Ohio Product Liability Attorney and Cincinnati Child Injury Lawyer reviews Injury Prevention for Child Passengers
Because motor vehicle accidents are the leading cause of death for children in the United States, it is critical to take preventative measures. Manufacturers of safe child seats and booster seats have a responsibility to provide consumers with effective products. If child seats are faulty and lead to injuries or deaths, the companies responsible can be held liable for gross negligence and endangering the lives of child passengers.
Joe Lyon is a highly-rated Cincinnati child injury lawyer and experienced Ohio product liability attorney, well-versed in the science and economic impact auto accidents have on a victim’s life and family.
Many child passenger injuries and deaths in Ohio are considered preventable. Motorists always share in the responsibility with safe driving behavior and placing kids in appropriately-sized car seats and booster seats. Most car safety experts recommend strict car seat laws and car seat education programs in an attempt to decrease injuries and deaths to young passengers.
A study of five states that increased the child car seat/booster seat age requirement to 7 or 8 years found that the rate of children who sustained fatal or catastrophic injuries decreased by 17 percent. One safety organization recommends the following protocol:
Step 1: Rear-Facing Seats
Infants should start in a rear-facing car seat in the back seat. Rear-face until they reach the upper weight and height limits of the seat, past age 2. Keep rear-facing as long as possible. Leg crowding is expected which does not harm the child.
Step 2: Forward Facing Seats with Harnesses
When a child outgrows a rear-facing seat, use a forward-facing car seat with a harness and tether in the back seat. Use a car seat with a harness and tether until age 5, or until they outgrow the height and weight limits for the harness.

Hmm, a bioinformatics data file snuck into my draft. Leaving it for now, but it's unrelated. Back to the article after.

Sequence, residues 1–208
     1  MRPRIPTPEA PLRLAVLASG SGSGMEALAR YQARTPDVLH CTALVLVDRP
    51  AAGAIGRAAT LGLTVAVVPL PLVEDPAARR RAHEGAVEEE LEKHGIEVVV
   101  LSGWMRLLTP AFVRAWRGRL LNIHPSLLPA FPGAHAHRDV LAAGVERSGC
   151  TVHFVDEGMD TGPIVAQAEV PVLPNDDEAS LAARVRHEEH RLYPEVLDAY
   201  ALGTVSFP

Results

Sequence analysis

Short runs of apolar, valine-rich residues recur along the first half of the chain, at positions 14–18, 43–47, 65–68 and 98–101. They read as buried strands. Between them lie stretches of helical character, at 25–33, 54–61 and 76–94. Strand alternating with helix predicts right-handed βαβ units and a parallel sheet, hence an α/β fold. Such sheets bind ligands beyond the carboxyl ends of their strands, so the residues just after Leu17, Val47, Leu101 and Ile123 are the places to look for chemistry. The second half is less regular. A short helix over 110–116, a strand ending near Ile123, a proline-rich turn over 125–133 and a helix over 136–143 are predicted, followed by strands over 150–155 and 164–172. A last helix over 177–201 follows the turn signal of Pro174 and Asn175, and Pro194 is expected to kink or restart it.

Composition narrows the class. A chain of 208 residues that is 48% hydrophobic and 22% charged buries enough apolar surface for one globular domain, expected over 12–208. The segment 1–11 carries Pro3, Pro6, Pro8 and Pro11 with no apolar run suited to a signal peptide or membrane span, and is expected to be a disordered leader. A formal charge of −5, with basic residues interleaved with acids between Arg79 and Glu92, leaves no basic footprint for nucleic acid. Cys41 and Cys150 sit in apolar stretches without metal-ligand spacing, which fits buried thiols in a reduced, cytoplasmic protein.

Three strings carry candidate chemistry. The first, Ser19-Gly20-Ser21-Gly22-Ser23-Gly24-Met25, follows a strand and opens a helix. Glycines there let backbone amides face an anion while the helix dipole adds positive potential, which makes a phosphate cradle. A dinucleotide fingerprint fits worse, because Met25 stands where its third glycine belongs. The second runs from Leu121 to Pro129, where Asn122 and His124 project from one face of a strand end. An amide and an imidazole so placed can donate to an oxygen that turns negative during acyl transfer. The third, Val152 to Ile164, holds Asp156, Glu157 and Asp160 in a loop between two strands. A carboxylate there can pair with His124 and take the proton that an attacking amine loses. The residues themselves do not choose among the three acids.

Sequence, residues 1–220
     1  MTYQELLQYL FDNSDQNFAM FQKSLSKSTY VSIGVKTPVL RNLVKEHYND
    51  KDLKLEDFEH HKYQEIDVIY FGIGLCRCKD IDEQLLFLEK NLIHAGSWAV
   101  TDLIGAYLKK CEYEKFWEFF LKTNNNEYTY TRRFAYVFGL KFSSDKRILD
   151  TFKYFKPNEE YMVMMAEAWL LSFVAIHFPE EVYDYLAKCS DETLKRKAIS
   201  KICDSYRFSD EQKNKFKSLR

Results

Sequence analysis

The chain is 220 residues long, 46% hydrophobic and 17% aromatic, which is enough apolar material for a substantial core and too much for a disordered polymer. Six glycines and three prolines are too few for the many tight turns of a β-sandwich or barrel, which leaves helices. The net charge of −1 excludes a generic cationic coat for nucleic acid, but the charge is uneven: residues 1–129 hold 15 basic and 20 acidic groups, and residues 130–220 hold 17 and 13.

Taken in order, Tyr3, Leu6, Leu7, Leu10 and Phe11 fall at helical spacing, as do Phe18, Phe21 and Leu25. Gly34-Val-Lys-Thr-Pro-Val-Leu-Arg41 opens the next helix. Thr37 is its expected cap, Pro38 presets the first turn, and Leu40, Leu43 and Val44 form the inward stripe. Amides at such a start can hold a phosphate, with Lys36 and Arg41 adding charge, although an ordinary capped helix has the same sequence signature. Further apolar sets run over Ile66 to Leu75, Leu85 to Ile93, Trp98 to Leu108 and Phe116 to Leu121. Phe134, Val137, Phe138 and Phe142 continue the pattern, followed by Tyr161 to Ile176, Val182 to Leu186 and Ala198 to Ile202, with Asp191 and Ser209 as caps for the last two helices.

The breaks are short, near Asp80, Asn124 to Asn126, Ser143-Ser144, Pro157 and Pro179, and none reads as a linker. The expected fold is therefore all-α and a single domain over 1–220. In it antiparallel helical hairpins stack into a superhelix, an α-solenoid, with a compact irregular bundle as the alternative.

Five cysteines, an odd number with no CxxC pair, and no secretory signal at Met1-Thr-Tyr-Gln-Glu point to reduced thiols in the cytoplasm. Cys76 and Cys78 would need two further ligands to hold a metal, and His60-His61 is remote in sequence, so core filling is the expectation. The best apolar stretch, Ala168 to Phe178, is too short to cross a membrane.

Step 3: Booster Seats
When your child passengers outgrow the forward-facing car seat with harness, use a booster seat. Use a booster seat until an adult seat belt fits correctly.
Step 4: Seat Belts
Child passengers are ready for a seat belt when the shoulder strap crosses the center of the chest and rests on the shoulder (not the neck). The lap belt should fit on the upper thighs near hips (not the stomach). Knees should be able to bend, and feet should be flat on the floor.
Defective car seats are more common than many consumers are aware of. There have been recalls after reported injuries and infant deaths. Auto accidents are a leading cause of injury and death to children in the U.S.
Of course there exists car safety features to help prevent injury following a car accident, but defective child car seats can directly cause additional injuries. An infant car seat should be designed to reduce the chance for injury or death in the event of an auto accident, although child car seat defects can actually increase the chances of child injury.
Millions of car seats have been recalled, and hundreds of injuries have been reported. Child seat malfunction reports are often sent to the Consumer Product Safety Commission (CPSC), who will publish product safety reports. Common child car seat defects include:
In 2014, more than 121,000 children were injured in motor vehicle crashes. Common injuries, which may be the result of defective safety features or poor driving behavior, may include:
If a loved one has suffered an injury due to a defective car or booster seat, and have questions about the legal remedies available to improve quality of life and medical care in Ohio, contact The Lyon Firm at (800) 513-2403. You will speak directly with Mr. Lyon, a Cincinnati child injury lawyer, and he will help you answer these critical questions.
The Lyon Firm also reviews cases involving defective strollers and defective toys that lead to accidents and injuries.